A woman has shared the harrowing last words of her father as he died from coronavirus in India.
The country has been setting global record daily case numbers as devastating stories and images emerge from the epicentre and its surrounds. New Delhi is now reporting one death every four minutes.
Today is the eight-straight day of record figures and experts say that’s not likely to stop, as medical supplies dwindle and delayed safety measures have caused strife for containing the spread.
Figures are expected to continue to peak for the next few weeks as cases spiral.
Almost 400,000 new cases were confirmed yesterday, more than 30,000 above the 7-day average. At least 3600 people died in the last 24 hours, taking India’s total COVID-19 cases pass 18 million.
“India is still on an upward trajectory where the rate of infection is still moving at very fast and very horrifying rates at the moment,” ABC’s South Asia correspondent James Oaten said from New Delhi.
RELATED: Loophole putting Australia in danger
Barkha Dutt’s father was among the dead yesterday, with the Washington Post columnist telling CNN he died after the oxygen tank in the ambulance that was rushing him to hospital ran out.
“My father’s last words to me were: ‘I’m choking, please give me treatment’,” she said.
“I have nobody left, I feel alone.”
Ms Dutt said that despite being an “upper-middle class Indian who can pay for the best private medical treatment”, the shortage of supplies knew no bounds.
“By the time we reached hospital, he had to be taken into ICU. He never made it back.”
She said when the family went to cremate his body, “there was no space” and a there was a “physical fight that erupted between families”.
The spiking body count has overwhelmed crematoriums and graveyards, and caused a shortage of wood for funeral pyres.
Ms Dutt said she met families at cremation grounds where “bodies were lying on the floor”.
Horror prediction, gravediggers work
Experts suggest current data predicts deaths in India could peak at up to 14,000 a day.
The Institute for Health Metrics and Evaluation at the University of Washington in Seattle has predicted that the death toll will continue to rise, peaking at almost 14,000 on May 16.
Director Dr Christopher Murray warned “there’s a lot of bad times ahead” for India as infections are close to their peak next week.
The Indian government has been criticised for its lacklustre handling of the spread of the virus, with political rallies and religious festivals allowed across the country.
It’s a blow for Prime Minister Narendra Modi who just months ago claimed the country had defeated the virus and concerns grow of the government’s level of transparency over official figures.
Dr Murray told CNN the appearance of new COVID-19 variants have increased transmission and meant that people could be reinfected with a new strain.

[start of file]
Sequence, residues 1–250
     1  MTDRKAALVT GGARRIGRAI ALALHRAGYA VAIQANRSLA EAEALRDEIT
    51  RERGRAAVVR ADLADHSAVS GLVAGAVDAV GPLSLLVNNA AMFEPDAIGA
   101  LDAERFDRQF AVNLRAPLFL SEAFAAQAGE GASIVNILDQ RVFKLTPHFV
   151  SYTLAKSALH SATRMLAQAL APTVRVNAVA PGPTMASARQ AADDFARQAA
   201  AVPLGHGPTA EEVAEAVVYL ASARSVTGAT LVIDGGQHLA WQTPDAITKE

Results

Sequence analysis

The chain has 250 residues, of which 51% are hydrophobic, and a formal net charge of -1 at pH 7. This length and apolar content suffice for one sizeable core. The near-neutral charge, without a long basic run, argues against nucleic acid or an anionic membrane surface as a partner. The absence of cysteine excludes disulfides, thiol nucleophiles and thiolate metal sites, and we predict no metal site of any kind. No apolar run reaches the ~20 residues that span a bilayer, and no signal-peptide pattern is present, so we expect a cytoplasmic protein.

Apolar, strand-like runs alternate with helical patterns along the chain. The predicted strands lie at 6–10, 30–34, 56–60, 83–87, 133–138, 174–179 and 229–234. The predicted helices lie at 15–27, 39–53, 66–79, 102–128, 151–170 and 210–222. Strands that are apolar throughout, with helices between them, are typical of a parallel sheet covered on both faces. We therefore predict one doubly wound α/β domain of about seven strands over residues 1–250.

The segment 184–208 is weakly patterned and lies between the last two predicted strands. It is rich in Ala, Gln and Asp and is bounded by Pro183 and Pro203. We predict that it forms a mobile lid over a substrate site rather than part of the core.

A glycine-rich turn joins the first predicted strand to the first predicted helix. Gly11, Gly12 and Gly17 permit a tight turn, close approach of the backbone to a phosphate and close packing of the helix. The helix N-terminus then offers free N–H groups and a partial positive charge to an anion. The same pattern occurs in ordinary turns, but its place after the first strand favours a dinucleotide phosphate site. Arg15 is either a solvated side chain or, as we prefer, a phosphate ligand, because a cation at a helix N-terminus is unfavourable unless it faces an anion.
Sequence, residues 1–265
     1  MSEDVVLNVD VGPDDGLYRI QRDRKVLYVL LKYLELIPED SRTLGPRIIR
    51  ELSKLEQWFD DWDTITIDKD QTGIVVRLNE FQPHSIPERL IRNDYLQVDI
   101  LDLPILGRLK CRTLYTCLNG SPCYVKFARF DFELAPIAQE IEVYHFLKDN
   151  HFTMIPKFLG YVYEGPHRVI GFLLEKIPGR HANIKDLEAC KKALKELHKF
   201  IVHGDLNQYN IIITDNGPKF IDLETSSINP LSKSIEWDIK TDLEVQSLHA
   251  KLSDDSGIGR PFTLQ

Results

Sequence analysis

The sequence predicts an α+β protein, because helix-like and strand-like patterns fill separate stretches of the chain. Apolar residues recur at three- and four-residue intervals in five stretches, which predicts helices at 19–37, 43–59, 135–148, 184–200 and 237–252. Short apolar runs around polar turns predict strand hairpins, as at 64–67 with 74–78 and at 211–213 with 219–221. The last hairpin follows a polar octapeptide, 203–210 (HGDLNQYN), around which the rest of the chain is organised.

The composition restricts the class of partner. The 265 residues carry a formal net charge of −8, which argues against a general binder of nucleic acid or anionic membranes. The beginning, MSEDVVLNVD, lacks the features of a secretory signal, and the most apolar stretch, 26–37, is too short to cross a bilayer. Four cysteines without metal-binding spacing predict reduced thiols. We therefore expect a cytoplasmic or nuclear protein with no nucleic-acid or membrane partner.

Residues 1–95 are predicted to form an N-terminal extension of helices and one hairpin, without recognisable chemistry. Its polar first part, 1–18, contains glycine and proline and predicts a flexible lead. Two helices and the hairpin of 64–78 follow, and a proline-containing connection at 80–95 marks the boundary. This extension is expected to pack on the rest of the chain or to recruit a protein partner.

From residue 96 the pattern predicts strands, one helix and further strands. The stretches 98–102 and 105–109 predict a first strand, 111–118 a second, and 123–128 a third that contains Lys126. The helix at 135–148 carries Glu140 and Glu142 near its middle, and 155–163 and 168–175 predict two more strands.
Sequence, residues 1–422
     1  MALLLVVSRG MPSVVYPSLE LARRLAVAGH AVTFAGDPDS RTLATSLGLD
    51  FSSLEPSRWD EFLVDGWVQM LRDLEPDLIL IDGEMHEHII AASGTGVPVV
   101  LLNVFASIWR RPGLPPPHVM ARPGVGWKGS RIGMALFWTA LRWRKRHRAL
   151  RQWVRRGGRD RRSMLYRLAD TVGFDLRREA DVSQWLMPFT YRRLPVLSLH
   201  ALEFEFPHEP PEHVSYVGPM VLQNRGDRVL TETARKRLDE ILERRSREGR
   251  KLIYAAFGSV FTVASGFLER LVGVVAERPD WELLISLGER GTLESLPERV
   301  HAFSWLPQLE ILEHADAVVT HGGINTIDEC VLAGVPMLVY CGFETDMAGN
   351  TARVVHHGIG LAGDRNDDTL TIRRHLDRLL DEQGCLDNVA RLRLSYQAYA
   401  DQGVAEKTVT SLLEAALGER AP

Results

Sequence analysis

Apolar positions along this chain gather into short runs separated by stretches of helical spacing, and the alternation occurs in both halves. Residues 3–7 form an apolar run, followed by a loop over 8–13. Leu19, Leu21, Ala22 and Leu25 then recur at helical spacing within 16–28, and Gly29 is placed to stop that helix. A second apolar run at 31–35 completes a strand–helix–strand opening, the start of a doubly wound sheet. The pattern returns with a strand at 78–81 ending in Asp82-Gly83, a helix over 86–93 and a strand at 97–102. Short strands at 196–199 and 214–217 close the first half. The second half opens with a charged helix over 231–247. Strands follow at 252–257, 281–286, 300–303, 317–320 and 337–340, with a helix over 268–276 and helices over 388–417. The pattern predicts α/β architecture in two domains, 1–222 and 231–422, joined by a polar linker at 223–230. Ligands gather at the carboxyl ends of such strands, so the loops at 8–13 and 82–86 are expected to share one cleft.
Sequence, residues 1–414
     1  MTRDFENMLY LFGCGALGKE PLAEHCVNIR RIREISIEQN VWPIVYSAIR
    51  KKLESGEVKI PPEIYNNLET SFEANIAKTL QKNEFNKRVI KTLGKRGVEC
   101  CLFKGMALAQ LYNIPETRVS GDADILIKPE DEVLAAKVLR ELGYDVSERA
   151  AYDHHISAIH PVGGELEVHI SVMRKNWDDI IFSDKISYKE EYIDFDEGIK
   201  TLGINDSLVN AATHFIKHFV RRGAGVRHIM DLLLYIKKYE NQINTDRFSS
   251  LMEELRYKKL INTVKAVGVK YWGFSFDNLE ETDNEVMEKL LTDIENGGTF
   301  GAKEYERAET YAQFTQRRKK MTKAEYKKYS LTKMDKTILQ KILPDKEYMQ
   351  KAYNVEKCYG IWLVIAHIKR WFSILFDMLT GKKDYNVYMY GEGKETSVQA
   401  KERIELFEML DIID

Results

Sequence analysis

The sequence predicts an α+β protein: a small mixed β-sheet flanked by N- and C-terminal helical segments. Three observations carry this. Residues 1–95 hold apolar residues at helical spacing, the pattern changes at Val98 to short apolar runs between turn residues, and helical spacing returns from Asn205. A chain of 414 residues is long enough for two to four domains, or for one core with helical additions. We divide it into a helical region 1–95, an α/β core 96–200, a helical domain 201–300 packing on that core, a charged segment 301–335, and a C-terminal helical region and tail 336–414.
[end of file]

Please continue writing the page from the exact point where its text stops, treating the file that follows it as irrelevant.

Meanwhile, gravediggers are “working around the clock”, doing 24-hour shifts in Mumbai to bury victims while hundreds more were being cremated in parks and car parks in New Delhi that have been converted to crematoriums.
A number of flights carrying medical supplies worth almost $130 million are en route to India after more than 40 countries, including Australia, committed to sending vital medical aid to the country, Foreign Secretary Harsh Vardhan Shringla said overnight.
|But many countries have come forward on their own to offer us assistance,” Mr Shringla said.
The supplies include almost 550 oxygen-generating plants, more than 4000 oxygen concentrators, 10,000 oxygen cylinders as well as 17 cryogenic tankers.
Hundreds of thousands of doses of COVID-19 treatment drugs remdesivir, favipiravir and tocilizumab, as well as raw materials to produce vaccines and remdesivir, were also being sent.
“It is an unprecedented situation … we are sourcing many of these items from many countries,” Mr Shringla said.
Oxygen supplies are among the most sought after supplies amid a severe shortage, but the equipment, sent from the United States, Europe and Singapore to name a few, is “really more a trickle than a flood compared to India’s huge population,” Mr Oaten said.
“This is a collapsed health care system and people just can’t get into hospitals,” he said.
Despite this, the Indian government will open vaccinations to all adults from Saturday. It had previously limited shots to the over-45s and certain other groups.
Several states have warned, however, that they do not have sufficient vaccine stocks and the expanded rollout is threatened by administrative bickering, confusion over prices and technical glitches on the government’s digital vaccine platform.
“The queues here are so colossal,” Jayanti Vasant told AFP as he waited at a busy vaccination centre in Bangalore.
“The people are just fighting amongst themselves.”
— with AFP